General: In addition to HIV itself, the most common causes of rash and fever in HIV patients are allergic drug reactions, infections, and a cancer called Kaposi's sarcoma (KS).
Acute HIV infection: The first stage of HIV, known as the primary or acute infection, may cause symptoms of fever and skin rash. This is because the virus is multiplying rapidly in the body and infecting immune cells. This phase generally lasts several weeks. An estimated 80-90% of HIV patients experience flu-like symptoms, including fever, skin rash, sore throat, enlarged lymph nodes, and cough.
Drug reactions: Some HIV patients may develop allergic reaction to medications. This happens when the body overreacts to a substance in the medication. During an allergic reaction, the body mistakes a substance in the medication for a harmful invader, such as bacteria, and launches an attack. While any type of medication can potentially trigger an allergic reaction, antibiotics such as penicillin are the most common trigger. Anti-HIV drugs (antiretrovirals) may also cause an allergic reaction. A skin rash and fever are symptoms of a severe and potentially life threatening allergic reaction called anaphylaxis. If not treated immediately, this reaction can lead to shock, unconsciousness, and death.
Some patients may develop a severe skin rash called Stevens-Johnson syndrome (SJS) as an allergic reaction to medications. SJS is potentially life threatening because, in severe cases, lesions can develop on the internal organs and cause scarring, which often leads to loss of function of the organ systems.
Infections: HIV patients are vulnerable to infections because the virus infects and destroys the immune system. Many types of bacteria, viruses, fungi, and parasites may cause illnesses with symptoms of skin rash and fever. Among the most common infections to cause such symptoms are staphylococcus, gonorrhea, syphilis, genital herpes virus, chicken pox, bacterial meningitis (infection of the membrane that surrounds the brain and spinal cord), a viral infection called fifth disease, human papillomavirus (HPV), hepatitis B (liver infection), cryptococcus, histoplasmosis, pneumocystis, scabies, and parasitic infections called leishmaniasis.
Kaposi's sarcoma: A cancer called Kaposi's sarcoma (KS) may cause fever and rash in HIV patients. This cancer develops in connective tissues, such as bone, cartilage, fat, blood vessels, muscle, or tissues related to tendons or ligaments. Patients typically suffer from lesions on the skin, which appear as raised blotches or lumps that may be purple, brown, or red.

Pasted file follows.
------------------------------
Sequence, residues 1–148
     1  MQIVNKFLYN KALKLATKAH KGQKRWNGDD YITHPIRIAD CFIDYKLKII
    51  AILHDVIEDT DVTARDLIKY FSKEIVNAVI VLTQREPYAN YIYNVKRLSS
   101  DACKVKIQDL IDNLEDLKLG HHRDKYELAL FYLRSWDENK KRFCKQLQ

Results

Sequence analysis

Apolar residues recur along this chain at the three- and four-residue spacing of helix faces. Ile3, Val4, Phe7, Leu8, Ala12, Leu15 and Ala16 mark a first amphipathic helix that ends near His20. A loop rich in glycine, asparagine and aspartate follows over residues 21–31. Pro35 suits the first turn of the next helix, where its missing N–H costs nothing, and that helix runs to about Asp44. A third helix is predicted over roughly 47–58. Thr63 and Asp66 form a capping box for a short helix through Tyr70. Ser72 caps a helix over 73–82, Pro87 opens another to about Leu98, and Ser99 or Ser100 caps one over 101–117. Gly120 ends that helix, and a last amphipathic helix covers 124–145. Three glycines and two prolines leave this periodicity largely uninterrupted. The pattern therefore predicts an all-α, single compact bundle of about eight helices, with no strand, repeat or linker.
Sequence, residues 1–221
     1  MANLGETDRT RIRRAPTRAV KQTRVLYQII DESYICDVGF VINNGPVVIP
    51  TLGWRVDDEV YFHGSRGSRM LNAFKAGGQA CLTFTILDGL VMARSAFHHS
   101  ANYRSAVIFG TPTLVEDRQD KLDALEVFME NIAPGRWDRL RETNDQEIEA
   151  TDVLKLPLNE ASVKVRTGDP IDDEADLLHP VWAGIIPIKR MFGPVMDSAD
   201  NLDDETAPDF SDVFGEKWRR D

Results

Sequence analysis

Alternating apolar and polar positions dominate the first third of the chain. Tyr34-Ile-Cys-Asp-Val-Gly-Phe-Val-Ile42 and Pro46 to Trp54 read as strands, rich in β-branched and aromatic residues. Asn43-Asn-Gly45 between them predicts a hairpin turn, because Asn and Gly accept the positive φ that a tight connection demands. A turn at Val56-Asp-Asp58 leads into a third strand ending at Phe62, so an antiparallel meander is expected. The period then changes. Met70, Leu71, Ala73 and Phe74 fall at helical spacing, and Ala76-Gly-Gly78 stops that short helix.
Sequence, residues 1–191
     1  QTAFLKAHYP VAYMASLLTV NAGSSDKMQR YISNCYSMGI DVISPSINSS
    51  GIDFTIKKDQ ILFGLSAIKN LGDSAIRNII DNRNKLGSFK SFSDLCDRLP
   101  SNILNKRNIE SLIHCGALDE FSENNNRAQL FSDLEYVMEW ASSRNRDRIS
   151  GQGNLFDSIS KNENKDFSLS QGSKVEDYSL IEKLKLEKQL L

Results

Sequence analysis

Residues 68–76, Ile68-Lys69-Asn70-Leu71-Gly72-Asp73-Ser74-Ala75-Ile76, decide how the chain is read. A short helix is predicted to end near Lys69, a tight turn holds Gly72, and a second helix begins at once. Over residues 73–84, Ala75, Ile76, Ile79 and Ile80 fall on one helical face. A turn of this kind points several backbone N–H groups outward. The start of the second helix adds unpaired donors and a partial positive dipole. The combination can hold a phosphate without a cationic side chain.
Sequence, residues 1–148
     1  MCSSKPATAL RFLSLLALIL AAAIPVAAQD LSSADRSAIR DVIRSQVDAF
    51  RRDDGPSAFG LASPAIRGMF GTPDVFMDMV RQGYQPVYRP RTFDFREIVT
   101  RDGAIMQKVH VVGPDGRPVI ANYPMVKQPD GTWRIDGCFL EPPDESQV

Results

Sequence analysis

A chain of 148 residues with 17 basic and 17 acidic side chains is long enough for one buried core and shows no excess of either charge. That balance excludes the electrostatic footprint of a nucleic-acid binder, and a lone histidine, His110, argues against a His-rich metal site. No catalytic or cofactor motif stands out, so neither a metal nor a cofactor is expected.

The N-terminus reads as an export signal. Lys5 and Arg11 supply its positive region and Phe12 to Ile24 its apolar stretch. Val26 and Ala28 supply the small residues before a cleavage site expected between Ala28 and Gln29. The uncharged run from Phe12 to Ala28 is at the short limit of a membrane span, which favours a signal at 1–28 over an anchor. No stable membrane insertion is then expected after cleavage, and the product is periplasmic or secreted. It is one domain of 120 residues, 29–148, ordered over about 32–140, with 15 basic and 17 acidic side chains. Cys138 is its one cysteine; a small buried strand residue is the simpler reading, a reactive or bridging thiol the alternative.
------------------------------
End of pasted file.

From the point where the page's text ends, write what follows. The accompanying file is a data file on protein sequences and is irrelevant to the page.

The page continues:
General: The duration and severity of fever and rash in HIV patients vary, depending on the cause. Additional symptoms may also be present, depending on the cause.
Fever: Patients who have a fever may experience chills, increased sweating, shivering, and warm skin.
Rash: There are many different forms of rashes, which vary in their appearance, location, severity, and duration. Some rashes may contain blisters, flat or raised bumps, pimples, or dry or flaky skin. The skin may be red and/or itchy. If the skin itches, it is called pruritus. The amount of skin affected may be limited to an isolated area, or it may affect multiple areas of the body.
General: A fever and rash are easily identified during a physical examination. However, because they are symptoms of an underlying medical condition, the cause must be identified in order to treat the patient. During a physical examination, a healthcare provider will take a careful medical and social history to determine the underlying cause. Medical tests may be necessary.
Physical examination and medical history: The healthcare provider will assess how long the patient has had the rash, as well as gather information regarding history of allergies, infections, or other skin diseases. It is important to know any change in medications, especially if the patient has taken a new drug, herb, or supplement.
Allergen-specific immunoglobulin (IgE) test: An allergen-specific immunoglobulin E (IgE) test, commonly referred to as radioallergosorbent test (RAST®), may be used to determine whether the patient is allergic to particular substances, such as medications or foods. Currently, more than 550 allergens are available for determinations.
This test is less accurate than a skin test. It is usually performed in patients who also have severe skin diseases (such as eczema or psoriasis) that make it difficult to interpret a skin test. During the procedure, a sample of the patient's blood is sent to a laboratory for testing. The allergen is combined with the blood to determine whether the patient has immunoglobulin E (IgE) antibodies to the allergen. Antibodies are substances that identify and bind to foreign invaders in the body. If the patient has IgE antibodies, an allergy is diagnosed.